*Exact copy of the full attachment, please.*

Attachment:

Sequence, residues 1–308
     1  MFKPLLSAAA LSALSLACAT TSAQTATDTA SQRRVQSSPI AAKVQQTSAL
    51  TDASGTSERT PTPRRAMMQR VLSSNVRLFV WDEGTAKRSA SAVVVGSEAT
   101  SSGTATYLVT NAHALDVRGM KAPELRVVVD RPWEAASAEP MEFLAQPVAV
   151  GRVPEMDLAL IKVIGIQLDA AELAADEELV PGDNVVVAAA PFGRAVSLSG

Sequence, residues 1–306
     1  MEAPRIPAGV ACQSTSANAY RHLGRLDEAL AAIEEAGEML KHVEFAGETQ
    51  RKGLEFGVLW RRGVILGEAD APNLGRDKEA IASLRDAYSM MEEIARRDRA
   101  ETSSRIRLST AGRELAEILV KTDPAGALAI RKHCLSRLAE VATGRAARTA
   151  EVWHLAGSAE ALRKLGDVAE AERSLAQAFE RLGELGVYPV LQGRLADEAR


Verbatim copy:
Sequence, residues 1–308
     1  MFKPLLSAAA LSALSLACAT TSAQTATDTA SQRRVQSSPI AAKVQQTSAL
    51  TDASGTSERT PTPRRAMMQR VLSSNVRLFV WDEGTAKRSA SAVVVGSEAT
   101  SSGTATYLVT NAHALDVRGM KAPELRVVVD RPWEAASAEP MEFLAQPVAV
   151  GRVPEMDLAL IKVIGIQLDA AELAADEELV PGDNVVVAAA PFGRAVSLSG

Sequence, residues 1–306
     1  MEAPRIPAGV ACQSTSANAY RHLGRLDEAL AAIEEAGEML KHVEFAGETQ
    51  RKGLEFGVLW RRGVILGEAD APNLGRDKEA IASLRDAYSM MEEIARRDRA
   101  ETSSRIRLST AGRELAEILV KTDPAGALAI RKHCLSRLAE VATGRAARTA
   151  EVWHLAGSAE ALRKLGDVAE AERSLAQAFE RLGELGVYPV LQGRLADEAR